|Katriana (Kat-tree-ona) Saphirra - 7 lbs 4 oz - 19 1/5 inches|
My third pregnancy started with a whirlwind of emotions and certainly ended the same way! My third baby was born around 6:45 pm on the side of I-25 just 15 minutes from the hospital I had planned to deliver at. It is the most insane, unexpected, intense and exhilarating experience I’ve ever had!
I’d been having contractions for about 5-6 days and wasn’t surprised when I woke up to more contractions at 3 in the morning on the day of my daughter’s birth. Like the others, they lasted about a minute long, were anywhere from 5 to 15 minutes apart and very strong. Around 9 in the morning, my husband and I loaded up the family and decided to head down. On the way, I called my OB office to see what they thought.
Because of the distance (about an hour and a half from my house to the hospital), it was the nurse’s advice that I head down, spend some time at my mother-in-laws house to see if they got closer together or, if they stopped, if walking could get them started back up. We arrived at my mother-in-laws’ at 10:00am. While there, the contractions began spreading farther apart so my husband and I went to the store and walked around a bit.
By 1:00pm I wanted to go home and rest. My mother-in-law agreed to keep my kiddos as I was sure active labor was just around the bend. I figured I’d probably get home, rest… do some last minute cleaning and wake up sometime in the middle of the night with labor actually kicking in.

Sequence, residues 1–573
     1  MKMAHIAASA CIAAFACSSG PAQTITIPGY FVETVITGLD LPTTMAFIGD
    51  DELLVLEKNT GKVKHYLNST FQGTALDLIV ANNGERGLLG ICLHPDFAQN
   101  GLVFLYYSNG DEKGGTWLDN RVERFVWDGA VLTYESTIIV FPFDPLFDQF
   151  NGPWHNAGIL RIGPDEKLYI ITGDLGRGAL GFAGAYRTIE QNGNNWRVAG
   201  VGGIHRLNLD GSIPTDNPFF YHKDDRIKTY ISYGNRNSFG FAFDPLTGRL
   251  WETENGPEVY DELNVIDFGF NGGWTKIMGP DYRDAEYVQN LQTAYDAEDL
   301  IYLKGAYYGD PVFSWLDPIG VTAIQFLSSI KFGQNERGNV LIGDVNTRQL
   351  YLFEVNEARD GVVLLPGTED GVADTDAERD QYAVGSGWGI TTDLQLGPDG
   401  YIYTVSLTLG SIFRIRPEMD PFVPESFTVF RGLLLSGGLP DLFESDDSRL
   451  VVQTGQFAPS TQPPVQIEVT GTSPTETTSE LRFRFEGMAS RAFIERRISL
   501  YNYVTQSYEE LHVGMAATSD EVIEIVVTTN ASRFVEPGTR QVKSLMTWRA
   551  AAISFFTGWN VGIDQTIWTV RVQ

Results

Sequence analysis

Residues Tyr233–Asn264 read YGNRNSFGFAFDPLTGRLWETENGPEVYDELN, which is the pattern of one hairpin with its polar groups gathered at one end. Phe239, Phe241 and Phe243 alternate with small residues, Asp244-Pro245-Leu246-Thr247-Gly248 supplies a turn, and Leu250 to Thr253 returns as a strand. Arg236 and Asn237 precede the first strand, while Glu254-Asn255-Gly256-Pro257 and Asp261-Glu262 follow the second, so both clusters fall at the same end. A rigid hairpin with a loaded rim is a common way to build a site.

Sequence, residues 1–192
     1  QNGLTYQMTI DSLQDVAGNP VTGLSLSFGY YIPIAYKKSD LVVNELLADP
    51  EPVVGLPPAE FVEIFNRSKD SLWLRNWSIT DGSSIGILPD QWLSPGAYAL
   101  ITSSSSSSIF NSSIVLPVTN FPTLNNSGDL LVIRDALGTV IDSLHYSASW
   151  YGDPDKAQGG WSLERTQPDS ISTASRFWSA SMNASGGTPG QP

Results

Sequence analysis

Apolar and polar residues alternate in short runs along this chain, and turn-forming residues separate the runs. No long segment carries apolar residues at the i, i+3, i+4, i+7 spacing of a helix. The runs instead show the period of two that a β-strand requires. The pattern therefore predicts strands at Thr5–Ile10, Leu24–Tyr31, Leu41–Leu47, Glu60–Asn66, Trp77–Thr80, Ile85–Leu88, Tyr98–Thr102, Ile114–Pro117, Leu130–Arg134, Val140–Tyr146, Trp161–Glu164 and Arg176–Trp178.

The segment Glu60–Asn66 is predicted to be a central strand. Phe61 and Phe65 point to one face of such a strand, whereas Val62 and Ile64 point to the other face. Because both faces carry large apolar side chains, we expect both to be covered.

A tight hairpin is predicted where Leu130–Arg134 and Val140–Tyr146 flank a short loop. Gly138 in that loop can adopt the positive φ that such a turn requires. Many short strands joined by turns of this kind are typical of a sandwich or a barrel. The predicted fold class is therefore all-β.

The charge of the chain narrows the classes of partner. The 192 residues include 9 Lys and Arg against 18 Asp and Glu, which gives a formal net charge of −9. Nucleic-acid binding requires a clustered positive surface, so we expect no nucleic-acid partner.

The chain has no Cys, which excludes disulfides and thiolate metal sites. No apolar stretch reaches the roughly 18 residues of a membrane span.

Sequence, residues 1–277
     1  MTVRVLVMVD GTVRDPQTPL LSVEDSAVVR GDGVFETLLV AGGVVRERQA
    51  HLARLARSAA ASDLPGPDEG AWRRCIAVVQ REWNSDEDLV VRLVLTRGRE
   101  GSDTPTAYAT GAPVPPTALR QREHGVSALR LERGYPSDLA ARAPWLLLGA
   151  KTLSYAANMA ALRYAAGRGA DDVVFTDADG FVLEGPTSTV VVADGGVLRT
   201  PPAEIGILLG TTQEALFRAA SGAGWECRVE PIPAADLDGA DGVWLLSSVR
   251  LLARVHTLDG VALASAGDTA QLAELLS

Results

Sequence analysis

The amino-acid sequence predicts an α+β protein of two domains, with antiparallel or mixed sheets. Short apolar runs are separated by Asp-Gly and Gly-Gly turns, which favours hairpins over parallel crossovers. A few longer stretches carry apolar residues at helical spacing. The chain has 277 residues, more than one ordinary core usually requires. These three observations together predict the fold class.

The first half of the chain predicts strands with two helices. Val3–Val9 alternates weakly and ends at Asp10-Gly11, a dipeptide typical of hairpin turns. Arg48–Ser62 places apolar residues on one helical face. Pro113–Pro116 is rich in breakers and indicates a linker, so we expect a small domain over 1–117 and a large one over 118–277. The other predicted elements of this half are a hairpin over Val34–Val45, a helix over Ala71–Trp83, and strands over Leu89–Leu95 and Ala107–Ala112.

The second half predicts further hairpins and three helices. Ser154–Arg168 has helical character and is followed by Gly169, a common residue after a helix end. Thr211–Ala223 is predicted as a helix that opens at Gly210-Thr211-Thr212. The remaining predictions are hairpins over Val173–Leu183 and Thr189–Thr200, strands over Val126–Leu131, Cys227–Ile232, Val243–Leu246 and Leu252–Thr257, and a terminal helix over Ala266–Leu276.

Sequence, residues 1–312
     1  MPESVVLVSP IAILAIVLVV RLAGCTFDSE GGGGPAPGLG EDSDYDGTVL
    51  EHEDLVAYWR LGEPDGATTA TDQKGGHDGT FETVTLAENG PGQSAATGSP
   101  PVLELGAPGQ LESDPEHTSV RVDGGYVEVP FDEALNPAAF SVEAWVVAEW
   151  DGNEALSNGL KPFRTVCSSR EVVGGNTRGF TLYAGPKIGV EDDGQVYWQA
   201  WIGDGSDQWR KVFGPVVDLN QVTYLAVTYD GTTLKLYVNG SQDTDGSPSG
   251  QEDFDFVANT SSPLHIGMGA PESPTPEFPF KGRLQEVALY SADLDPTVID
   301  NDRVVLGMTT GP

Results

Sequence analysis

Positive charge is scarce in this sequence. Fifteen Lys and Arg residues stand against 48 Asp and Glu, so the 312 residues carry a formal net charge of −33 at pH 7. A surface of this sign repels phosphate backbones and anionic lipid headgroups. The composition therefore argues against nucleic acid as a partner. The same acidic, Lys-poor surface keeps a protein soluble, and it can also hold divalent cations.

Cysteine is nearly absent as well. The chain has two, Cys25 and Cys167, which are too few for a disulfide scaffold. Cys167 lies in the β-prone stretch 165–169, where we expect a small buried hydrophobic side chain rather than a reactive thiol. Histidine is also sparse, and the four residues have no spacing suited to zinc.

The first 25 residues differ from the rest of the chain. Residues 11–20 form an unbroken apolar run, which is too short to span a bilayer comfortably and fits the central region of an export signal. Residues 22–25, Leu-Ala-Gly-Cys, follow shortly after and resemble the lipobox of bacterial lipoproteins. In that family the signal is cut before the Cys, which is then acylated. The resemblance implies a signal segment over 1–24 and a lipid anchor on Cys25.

Once home, I spent an hour or so napping. Contractions were roughly 10 – 15 minutes apart during this. I spent the next few hours hopping in and out of the bath tub and shower, cursing… everyone and everything and actually ended up in tears through a few of the contractions. The pain was so intense. My husband started trying to convince me to go in, but we had been timing the contractions and had recently checked my cervix. They contractions were still all over (6 minutes, 12 minutes, 10 minutes, 8 minutes, etc) and my cervix wasn’t changing much at all.
About 40 minutes later, I had an intense contraction that was just 4 minutes after the previous one. Four minutes later I had another one. After two more, that close together, I agreed with my husband and got dressed so we could head in. Thirty minutes into the drive I began fearing we weren’t going to make it in time, as the contractions were getting closer together and the pain from them had me … being extremely vocal.